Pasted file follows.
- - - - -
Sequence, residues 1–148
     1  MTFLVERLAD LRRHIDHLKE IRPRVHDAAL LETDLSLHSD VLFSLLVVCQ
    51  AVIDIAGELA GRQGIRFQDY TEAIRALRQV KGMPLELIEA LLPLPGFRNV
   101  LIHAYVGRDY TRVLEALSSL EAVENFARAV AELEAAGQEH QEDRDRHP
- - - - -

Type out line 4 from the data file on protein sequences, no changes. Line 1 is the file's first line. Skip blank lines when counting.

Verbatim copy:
   101  LIHAYVGRDY TRVLEALSSL EAVENFARAV AELEAAGQEH QEDRDRHP